Ideal Cardiovascular Health: Start Young, Finish Strong
Landmark developments during the second half of the 20th century established that smoking, hypertension, and hypercholesterolemia constituted cardinal risk factors for cardiovascular morbidity and mortality.1 These insights proved critical in reversing decades of increases in the mortality rate from coronary heart disease in the United States starting in the late 1960s. As knowledge concerning the pathogenesis and pathophysiology of cardiovascular disease evolved rapidly during ensuing decades, research tended to focus on how much risk for adverse cardiovascular events increased in function of levels of risk factors (high-risk emphasis). However, this paradigm has shifted as research increasingly emphasized that low-risk cardiovascular risk factor profiles were associated with large reductions in cardiovascular mortality and improvements in other outcomes (low-risk emphasis).2 Thus, the conceptual framework for preventing cardiovascular disease that had been anchored largely in primary prevention increasingly embraced primordial prevention.3 (SELECT FULL TEXT TO CONTINUE)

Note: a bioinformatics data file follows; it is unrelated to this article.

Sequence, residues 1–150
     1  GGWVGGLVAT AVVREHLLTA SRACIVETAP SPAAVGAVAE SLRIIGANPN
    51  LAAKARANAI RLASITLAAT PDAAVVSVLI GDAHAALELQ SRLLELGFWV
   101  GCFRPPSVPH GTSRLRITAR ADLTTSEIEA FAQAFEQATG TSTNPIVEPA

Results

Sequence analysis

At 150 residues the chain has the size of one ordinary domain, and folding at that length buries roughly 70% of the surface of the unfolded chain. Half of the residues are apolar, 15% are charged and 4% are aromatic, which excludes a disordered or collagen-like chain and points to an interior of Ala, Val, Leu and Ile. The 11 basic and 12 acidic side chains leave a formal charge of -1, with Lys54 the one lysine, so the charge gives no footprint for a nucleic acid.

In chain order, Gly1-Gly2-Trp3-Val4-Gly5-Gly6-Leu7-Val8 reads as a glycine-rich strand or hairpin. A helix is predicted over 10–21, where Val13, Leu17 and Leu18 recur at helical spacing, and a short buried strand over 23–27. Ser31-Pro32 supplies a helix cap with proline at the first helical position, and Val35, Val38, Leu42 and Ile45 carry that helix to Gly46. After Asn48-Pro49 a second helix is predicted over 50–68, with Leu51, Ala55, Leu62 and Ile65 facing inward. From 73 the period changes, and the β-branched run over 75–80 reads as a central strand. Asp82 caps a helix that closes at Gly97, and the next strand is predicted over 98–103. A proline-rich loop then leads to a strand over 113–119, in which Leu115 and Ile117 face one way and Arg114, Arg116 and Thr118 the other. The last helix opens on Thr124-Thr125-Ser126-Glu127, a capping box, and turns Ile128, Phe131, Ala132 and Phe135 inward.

- Received March 21, 2012.
- Accepted March 22, 2012.
- Copyright © 2012, American Heart Association, Inc. All rights reserved. Unauthorized use prohibited